The very excellent Josh Rust won the publisher’s prize for his chapter.
For those who’ve never read that most subtle, cultivated, humane and refined of minds Michael Oakeshott’s concerns resonate as deeply as ever. For the novice, I’d recommend his mid-career Rationalism in Politics, a most elegant collection of essays. A more difficult, but for me the vital underpinning cutting across all his work, is his equally elegant and bold young man’s Experience and its Modes, a book that would easily feature on a list of my favourite philosophical/literary works. Oakeshott’s magnum opus, On Human Conduct, is a late dense and difficult book but well worth the effort, once one has assimilated the aforementioned two titles. Other very accessible works include On History and Other Essays and The Voice of Liberal Learning, the latter especially salient given the “grievance studies” bile that has now fully erupted within academia but which has been percolating for at least a generation. If one is looking for some guides, below are two mutually complementary “companions” and an online conspectus. Imprint Academic has the largest holding of posthumously published Oakeshottiana and the largest holding of secondary literature. If you’ve never heard Oakeshott speak, here is a very rare 13 minute BBC recording from 1948: The University Programme: Arts – Philosophy of History.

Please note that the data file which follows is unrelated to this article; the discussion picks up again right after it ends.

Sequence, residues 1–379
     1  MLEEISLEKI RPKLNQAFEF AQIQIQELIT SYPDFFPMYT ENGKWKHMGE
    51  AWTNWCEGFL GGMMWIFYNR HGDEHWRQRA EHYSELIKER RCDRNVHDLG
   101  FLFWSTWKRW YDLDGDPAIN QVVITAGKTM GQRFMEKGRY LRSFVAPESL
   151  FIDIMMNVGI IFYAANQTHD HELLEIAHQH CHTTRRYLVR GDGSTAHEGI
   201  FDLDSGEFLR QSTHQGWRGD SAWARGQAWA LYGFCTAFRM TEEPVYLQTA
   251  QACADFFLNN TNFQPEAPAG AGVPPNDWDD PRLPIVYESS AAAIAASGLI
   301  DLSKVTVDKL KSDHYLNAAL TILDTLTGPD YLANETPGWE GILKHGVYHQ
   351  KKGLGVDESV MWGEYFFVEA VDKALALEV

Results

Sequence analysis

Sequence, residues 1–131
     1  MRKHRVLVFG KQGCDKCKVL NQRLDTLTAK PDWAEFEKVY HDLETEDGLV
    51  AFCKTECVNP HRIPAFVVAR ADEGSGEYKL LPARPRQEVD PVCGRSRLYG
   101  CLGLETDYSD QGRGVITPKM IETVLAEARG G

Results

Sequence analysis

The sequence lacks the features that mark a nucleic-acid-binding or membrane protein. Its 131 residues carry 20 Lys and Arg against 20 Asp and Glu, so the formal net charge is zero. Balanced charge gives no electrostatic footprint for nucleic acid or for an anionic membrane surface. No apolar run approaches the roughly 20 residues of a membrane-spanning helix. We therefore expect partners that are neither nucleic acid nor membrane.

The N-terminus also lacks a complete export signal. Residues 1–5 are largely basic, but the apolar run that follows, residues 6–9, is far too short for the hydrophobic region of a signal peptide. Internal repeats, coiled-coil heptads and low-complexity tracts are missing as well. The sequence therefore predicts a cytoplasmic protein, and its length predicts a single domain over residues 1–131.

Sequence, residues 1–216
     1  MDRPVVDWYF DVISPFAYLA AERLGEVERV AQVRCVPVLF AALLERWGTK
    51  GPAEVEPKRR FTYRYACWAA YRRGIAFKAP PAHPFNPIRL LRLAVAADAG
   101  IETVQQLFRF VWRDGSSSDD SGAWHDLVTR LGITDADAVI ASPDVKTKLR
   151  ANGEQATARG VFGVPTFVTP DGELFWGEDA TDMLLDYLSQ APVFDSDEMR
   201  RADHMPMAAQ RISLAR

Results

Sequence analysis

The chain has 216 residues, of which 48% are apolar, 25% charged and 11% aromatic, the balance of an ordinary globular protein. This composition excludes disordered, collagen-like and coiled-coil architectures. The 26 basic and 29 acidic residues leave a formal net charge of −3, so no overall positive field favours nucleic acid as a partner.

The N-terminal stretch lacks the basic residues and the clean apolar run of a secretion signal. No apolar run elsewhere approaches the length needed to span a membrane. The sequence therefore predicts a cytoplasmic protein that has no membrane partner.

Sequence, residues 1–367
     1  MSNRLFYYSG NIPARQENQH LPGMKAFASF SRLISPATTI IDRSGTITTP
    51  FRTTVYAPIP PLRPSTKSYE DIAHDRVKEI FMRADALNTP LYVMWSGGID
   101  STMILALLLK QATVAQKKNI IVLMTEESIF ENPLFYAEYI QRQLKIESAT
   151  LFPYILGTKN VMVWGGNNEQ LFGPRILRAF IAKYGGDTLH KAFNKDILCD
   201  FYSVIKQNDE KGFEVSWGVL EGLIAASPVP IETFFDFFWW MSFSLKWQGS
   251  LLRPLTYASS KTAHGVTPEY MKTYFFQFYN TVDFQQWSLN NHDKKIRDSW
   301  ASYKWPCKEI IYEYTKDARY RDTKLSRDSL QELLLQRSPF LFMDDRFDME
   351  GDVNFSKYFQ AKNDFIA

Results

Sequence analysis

Fernand Gobet has a new book out that, as a (very rusty) chess player, has piqued my interest. As a cognitive scientist and a highly skilled player himself, there are few (if any) better placed than Fernand to write on this topic. Visitors to this site might recall Fernand’s excellent essay on Herb Simon. Here is Fernand’s interview with Chess Life. I’d say that the greatest treatment of chess in literature still falls to Zweig’s The Royal Game (the title translation that I’m most familiar with) which deserves another read in tandem with Fernand’s new book: Zweig is mentioned in Fernand’s book below. I especially appreciated Fernand’s devoting some time to New Orleans’ very own Paul Morphy.
“Going mechanistic”: fun paper just published in Frontiers in Psychology.
Culture seems to function as a classic example of “epistemic action”